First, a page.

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25 February 2010 - Shark protection dealt a blow      

Shark protection dealt a blow

25 February 2010      

Efforts to conserve migratory sharks were today dealt a blow when the federal Environment Minister moved amendments to Australia’s environment law to remove protection afforded to three shark species listed as migratory under the Environment Protection and Biodiversity Conservation Act, 1999. This move comes just a few weeks after Australia played an active role in international negotiations, calling for action for the protection of the world’s migratory sharks.

The changes proposed to the legislation will allow game fishers to continue to catch and kill shortfin mako, longfin mako, and porbeagle sharks. All three of these shark species are listed as vulnerable to extinction globally, and the main threat facing all three of these species is fishing. The Minister’s media release is misleading when he says the migratory species listing was based primarily on concerns for northern hemisphere populations alone.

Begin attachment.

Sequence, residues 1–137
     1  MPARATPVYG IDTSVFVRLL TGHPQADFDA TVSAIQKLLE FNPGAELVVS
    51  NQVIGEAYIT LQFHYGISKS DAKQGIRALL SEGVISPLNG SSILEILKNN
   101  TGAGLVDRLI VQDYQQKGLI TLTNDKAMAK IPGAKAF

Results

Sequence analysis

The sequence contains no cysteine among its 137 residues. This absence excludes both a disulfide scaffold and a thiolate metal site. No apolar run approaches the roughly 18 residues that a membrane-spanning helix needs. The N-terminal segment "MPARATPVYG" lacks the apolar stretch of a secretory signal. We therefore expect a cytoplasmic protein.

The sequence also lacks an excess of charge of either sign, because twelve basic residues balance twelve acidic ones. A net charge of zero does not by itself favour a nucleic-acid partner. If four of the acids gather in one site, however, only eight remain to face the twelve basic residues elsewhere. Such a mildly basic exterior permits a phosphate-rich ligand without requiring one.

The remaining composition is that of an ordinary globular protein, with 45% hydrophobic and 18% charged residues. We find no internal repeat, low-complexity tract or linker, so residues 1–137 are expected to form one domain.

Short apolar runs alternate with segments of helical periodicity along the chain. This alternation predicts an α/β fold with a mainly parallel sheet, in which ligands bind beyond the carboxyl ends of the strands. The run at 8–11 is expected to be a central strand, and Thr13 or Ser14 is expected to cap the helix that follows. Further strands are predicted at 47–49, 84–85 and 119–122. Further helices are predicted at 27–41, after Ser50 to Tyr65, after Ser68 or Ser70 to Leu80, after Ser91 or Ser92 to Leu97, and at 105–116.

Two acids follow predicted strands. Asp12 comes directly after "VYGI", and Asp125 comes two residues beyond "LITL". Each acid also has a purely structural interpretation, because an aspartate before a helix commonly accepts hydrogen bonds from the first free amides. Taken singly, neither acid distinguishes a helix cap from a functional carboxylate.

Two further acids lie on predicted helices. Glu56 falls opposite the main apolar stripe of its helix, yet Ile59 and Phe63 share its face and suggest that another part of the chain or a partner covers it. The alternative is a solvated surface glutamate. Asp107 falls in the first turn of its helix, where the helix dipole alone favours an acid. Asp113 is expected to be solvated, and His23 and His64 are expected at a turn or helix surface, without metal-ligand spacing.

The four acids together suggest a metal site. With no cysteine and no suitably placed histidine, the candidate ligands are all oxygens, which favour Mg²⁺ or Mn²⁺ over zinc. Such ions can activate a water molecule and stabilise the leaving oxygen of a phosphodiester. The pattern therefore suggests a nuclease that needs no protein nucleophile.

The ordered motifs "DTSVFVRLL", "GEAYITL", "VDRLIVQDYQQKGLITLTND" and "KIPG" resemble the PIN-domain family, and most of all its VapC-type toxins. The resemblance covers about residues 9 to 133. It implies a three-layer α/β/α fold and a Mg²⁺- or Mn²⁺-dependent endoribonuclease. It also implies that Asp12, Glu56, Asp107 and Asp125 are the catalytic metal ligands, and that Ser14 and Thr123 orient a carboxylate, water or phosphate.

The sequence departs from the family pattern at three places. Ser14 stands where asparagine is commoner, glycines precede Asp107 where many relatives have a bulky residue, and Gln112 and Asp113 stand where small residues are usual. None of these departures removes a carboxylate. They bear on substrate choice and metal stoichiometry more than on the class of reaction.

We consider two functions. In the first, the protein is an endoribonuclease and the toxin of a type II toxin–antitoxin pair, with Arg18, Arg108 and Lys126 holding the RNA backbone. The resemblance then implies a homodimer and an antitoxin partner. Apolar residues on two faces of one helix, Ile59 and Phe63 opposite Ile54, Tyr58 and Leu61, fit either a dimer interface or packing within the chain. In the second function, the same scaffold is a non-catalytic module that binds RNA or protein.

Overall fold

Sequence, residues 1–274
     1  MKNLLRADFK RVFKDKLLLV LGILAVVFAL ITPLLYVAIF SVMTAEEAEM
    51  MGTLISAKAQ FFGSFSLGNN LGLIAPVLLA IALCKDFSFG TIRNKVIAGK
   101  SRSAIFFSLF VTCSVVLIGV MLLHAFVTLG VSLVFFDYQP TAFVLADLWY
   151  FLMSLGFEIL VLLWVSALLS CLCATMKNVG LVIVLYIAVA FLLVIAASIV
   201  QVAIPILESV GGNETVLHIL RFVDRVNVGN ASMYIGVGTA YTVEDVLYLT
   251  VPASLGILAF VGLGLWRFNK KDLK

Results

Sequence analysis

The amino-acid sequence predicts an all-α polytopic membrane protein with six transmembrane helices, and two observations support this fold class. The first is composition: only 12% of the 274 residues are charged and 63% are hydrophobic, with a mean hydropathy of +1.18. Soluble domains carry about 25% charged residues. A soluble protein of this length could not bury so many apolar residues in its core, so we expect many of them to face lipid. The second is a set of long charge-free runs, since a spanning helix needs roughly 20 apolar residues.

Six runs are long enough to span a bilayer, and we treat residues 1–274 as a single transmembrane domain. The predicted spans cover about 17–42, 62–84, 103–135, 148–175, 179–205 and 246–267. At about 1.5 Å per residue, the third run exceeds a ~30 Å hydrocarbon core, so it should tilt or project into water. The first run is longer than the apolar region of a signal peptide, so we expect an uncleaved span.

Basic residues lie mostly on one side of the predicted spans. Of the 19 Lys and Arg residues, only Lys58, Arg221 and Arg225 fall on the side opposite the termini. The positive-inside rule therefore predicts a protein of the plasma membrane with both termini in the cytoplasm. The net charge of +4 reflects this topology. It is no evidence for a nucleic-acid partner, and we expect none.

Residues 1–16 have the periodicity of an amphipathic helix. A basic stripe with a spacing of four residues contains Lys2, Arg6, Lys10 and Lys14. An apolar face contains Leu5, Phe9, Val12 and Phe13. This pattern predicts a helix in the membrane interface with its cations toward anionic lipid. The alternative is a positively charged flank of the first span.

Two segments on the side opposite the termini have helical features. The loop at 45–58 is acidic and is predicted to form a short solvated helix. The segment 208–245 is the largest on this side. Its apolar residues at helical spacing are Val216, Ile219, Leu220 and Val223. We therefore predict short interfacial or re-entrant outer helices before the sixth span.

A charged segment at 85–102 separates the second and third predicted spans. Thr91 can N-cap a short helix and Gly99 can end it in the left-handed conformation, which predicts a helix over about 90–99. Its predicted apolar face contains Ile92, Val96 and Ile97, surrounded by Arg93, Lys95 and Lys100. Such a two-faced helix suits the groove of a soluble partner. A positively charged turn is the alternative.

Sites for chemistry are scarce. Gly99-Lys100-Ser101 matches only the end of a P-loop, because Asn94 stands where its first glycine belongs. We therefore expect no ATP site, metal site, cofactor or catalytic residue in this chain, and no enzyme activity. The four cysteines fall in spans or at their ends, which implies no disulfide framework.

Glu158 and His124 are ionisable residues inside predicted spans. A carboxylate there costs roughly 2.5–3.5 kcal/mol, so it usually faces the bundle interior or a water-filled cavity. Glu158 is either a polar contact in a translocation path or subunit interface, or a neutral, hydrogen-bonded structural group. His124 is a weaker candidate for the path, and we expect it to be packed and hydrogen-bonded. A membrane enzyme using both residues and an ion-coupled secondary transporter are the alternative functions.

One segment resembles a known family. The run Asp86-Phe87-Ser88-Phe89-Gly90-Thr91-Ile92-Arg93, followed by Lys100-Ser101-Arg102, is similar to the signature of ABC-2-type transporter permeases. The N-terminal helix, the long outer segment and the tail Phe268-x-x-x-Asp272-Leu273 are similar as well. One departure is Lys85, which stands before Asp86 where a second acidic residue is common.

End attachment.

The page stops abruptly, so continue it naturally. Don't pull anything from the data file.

Prior to the lobbying offensive from the game fishers, Minister Garrett had placed the short fin mako on his priority list for assessment as a threatened species – proving he does have concern for the species’ conservation status in Australia.

Australia has both international and domestic obligations to protect its migratory sharks, yet the proposed amendments to legislation are instead giving recreational fishers a free ride to take as many of these listed migratory sharks as they wish, with no requirement to report or manage the take of these species’ said Alexia Wellbelove of Humane Society International. ‘It is clear that this Government is prepared to bow to the recreational fishers at the expense of the future of our threatened sharks’.

This is the first time the EPBC Act has been amended to specifically undo protection for a listed species. It is a dangerous signal to hunters and fishers that if they lobby hard enough, the Government will cave in to their demands and compromise their policies and obligations to protect biodiversity. 

Web: AndreasLustig.com